When two petty car thieves find audio recordings of a dying man, tensions rise as one is determined to return the car and the other is desperate for the cash. Director Rene Pannevis sat down with Directors Notes to discuss the production of his squabbling car thief short Jacked and explain why he had to sacrifice shot beauty in favour of world building storytelling and how small details and backstory enrich the wider narrative.
You grew up in The Netherlands in a hippie neighbourhood. Do you think that free upbringing has coloured your approach to filmmaking and storytelling?
Yeah it was very free. I grew up in a neighbourhood where all the gardens were connected to each other, facing each other and they gave the people living there – it was all young families with young children – a bit of money to do whatever they wanted to with the neighbourhood, build a playground or whatever. As well was that, all these young families were doing little theatre shows on Friday afternoons and the children would be running naked on the grass. So it was already a community a little bit involved in theatre and a little bit involved in that kind of hippie spirit thing. So for sure, that theatre part stuck with me. I actually took theatre studies for a year, which comes back a little bit in filmmaking. Your artistic notes always comes from where you grew up and your background.
How did you end up travelling from The Netherlands to study at NYC Tisch?
I did film studies first because I was too young for the film academy in The Netherlands (you have to be 18, I was 16), so I thought I would do film studies and get hands on experience and then I could probably make it as a director. That was the wrong choice because when I turned 18/19, I realised that with my film studies I could never really gain entry into the film world in Holland. It’s a very small circuit that’s very closed and they definitely don’t allow film studies students in there. So I needed to actually do an academy or a film school. I wanted to go to the best film school and NYU Tisch is one of the best film schools in the world. I applied, did the whole thing: the creative portfolio and shot a film on a Super 8 for my application.
What was that application film about?
It’s never been released, it was made purely for the entry. It was a very personal story which was totally connected to my father. I’ve always really liked that story because it’s based on events in my own life. The title back then when I sent it off was Not Since Crude. It’s shot beautifully on Super 8 but not that well edited because in those days I was not a really good editor. I think if I went back into the material I could probably edit a nice film out of it.
Jacked was supported by the London Calling programme. What was that process like?
I was a bit wary in the beginning. Coming from film school I was like “OK this is another kind of film school class thing.” But, at the end of it all I was very pleased working with Film London and they gave really good critiques on the script which I’m very happy with. It was minor things but I felt they were really good, so the communication and everything worked well. I can’t remember anything that didn’t work. You read other people’s scripts and you all get feedback from each other. Then you go into meetings with the board and they have feedback on your script. You go on to write another draft and at one point it’s like “OK, this is it, it’s time for you to go.”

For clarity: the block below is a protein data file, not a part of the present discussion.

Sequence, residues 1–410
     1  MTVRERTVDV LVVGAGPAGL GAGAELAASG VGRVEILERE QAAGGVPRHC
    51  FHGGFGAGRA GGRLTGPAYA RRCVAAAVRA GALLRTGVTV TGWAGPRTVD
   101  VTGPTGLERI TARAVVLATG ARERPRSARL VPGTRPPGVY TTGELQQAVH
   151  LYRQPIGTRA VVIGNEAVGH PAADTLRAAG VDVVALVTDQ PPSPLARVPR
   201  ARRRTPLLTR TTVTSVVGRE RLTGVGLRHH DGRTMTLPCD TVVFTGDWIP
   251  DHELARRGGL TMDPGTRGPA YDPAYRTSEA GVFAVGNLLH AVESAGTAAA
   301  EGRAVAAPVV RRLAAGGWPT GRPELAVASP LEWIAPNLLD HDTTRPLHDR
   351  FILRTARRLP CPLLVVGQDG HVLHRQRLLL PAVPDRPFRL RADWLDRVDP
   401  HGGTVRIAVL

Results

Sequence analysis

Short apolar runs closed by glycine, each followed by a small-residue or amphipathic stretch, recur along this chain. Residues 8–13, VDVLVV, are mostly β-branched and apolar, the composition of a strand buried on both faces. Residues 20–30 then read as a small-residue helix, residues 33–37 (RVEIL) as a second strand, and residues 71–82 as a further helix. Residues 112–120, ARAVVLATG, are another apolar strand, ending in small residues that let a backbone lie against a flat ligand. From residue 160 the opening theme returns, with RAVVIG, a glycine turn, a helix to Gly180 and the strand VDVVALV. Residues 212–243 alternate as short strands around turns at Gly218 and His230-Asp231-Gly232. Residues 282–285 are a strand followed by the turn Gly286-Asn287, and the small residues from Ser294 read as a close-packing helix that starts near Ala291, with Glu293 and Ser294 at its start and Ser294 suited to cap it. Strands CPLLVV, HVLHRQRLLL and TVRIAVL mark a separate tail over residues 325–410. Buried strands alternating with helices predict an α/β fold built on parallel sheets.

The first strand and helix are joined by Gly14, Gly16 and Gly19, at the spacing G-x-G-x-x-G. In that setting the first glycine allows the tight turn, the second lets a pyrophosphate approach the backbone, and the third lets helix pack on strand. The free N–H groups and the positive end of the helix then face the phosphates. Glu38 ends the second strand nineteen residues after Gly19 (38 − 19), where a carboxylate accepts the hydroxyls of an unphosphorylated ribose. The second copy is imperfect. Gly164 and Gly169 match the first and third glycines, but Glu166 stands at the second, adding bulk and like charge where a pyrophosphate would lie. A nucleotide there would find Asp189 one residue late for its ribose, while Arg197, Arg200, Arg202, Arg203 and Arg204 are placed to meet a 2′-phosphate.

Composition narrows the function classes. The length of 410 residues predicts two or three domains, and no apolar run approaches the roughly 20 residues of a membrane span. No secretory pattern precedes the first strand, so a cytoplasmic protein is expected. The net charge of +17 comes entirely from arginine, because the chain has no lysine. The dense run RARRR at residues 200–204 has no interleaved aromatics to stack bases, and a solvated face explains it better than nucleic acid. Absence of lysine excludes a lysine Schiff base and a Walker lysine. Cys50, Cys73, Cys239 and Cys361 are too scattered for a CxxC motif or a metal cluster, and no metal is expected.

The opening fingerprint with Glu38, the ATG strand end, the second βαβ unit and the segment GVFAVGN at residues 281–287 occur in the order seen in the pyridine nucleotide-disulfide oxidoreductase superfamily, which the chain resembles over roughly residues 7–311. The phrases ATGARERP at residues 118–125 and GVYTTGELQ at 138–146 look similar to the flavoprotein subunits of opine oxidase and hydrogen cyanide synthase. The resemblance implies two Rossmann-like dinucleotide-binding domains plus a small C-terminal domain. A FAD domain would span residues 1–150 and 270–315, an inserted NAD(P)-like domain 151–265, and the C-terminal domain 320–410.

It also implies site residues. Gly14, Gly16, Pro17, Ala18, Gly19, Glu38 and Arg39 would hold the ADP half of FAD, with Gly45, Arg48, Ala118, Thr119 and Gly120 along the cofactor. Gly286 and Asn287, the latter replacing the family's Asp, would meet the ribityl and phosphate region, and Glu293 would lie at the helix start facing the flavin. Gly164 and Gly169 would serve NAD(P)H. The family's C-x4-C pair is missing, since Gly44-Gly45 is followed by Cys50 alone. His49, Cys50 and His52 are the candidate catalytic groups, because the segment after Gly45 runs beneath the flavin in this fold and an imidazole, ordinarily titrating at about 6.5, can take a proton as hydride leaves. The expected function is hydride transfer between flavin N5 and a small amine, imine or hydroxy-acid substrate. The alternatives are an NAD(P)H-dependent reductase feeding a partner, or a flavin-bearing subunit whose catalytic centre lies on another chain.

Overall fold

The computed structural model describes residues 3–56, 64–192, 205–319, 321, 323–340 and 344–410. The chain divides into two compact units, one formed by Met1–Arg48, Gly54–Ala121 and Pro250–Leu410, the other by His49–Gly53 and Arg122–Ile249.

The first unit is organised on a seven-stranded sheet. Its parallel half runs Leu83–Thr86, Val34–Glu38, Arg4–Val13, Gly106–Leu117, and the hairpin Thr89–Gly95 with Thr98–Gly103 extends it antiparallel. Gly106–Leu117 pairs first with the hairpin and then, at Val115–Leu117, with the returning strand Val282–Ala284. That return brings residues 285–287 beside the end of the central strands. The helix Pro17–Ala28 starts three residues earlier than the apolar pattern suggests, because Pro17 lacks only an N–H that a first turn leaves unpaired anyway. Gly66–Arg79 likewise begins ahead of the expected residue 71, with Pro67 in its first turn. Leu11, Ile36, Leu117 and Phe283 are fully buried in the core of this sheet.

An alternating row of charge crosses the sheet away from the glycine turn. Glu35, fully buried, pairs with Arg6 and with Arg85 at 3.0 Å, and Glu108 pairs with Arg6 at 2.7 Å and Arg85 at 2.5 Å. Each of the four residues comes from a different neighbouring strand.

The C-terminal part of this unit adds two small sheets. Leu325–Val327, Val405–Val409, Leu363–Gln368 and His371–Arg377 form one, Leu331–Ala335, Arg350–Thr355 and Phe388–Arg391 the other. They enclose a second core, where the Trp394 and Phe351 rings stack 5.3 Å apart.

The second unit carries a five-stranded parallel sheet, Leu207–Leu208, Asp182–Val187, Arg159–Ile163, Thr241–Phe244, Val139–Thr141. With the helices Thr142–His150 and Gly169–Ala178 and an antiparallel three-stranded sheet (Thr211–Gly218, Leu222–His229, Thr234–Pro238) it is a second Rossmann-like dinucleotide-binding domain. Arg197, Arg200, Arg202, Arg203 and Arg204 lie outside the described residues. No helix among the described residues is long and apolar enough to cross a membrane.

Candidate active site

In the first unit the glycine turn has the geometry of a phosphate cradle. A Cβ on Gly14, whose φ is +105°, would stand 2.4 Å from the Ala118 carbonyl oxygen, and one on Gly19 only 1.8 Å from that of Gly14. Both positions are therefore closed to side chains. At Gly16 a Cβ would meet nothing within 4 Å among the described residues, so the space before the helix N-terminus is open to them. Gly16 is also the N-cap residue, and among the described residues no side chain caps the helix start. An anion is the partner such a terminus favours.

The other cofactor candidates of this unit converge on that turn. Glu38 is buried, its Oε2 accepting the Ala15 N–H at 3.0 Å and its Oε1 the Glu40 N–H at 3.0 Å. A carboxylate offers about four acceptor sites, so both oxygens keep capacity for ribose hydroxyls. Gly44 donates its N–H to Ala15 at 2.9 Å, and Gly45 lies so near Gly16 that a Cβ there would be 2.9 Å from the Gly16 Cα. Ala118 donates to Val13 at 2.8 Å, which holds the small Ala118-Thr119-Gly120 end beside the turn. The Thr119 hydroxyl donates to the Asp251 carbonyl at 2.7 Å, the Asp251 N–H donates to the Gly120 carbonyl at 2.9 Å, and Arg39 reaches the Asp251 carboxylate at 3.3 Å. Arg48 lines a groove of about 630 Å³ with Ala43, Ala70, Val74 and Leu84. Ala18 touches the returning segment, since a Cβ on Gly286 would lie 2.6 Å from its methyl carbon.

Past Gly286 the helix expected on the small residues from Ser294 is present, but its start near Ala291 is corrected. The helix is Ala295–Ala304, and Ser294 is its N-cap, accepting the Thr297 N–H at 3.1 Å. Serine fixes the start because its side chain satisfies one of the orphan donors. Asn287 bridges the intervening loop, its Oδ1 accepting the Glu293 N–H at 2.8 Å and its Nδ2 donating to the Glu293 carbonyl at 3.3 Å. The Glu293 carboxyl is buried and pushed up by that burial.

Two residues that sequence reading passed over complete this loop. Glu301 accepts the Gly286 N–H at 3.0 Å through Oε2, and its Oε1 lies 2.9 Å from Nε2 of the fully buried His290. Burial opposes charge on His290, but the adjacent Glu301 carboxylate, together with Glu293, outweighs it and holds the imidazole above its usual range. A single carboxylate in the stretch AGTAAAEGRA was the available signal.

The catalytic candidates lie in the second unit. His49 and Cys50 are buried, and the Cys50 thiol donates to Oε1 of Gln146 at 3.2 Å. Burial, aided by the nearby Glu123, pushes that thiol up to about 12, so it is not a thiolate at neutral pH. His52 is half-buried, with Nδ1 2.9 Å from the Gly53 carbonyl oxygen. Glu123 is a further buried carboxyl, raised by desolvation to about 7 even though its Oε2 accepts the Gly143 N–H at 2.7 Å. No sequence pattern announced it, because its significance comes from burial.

You also reached out to the Indiegogo community, how did you find that experience? We’ve spoken to quite a few filmmakers who talk about crowdfunding being almost as much work as making the film itself.
It’s a lot of work! I found another project that I really liked the aesthetics of and I kind of copy that a little bit for my main layout. For me it’s important that the layout of your Indiegogo or Kickstarter page looks good. Also your video has to be engaging, as do the storyboards, they can’t look too student-like, so there’s a lot of stuff to think about. Luckily, I have a friend who is a good director and he was willing to use his camera kit and his nice lenses so we could actually shoot a nice video. Again, it’s a lot of work but that’s the case with everything; a short film or a feature or whatever, you have to put a lot of work in if you want to be successful, if you want to make it work.
How much backstory did you provide to your actors to fuel their motivations in the film?
There was a lot of backstory and it actually goes quite far, stuff that’s not even in the film. There is a moment in the second car that they try to steal where Charlie Palmer Rothwell’s character knows how to steal the car because his father has that car and there’s a line about his father. So for me, the backstory for Charlie was about his family, his relationship with his mum and his father, why he’s stealing cars. All that stuff you don’t really see in the film but it shapes his character. He’s a fighter as well so when we see his hands they have rough spots. Or the really bad tatoo on his neck. It’s obviously not a tribal or a cool thing. It sets up his character. He’s this crazy kid that could have done that tattoo by himself when he was like 13 years old. That was all related to the story because if you know his personal background it fits the content of the film.
Clearly, a major component of the film was going to be the recordings delivered by Nicholas Ashbury as that’s what connects with Waylen and drives a wedge between the friends. How did you approach casting and directing those?
My most important casting point was finding a voice that fit with Thomas Turgoose. He’s from Grimsby in the North of England so I wanted to have a Northern English voice, that was key. I really wanted to have a voice that he would connect to, that almost talked the same. That was quite difficult. We found some people from Grimsby but the voices weren’t right. It had to be a voice that feels honest, that wasn’t too commercial either. It had to feel realistic and truthful, like it could be somebody from the street.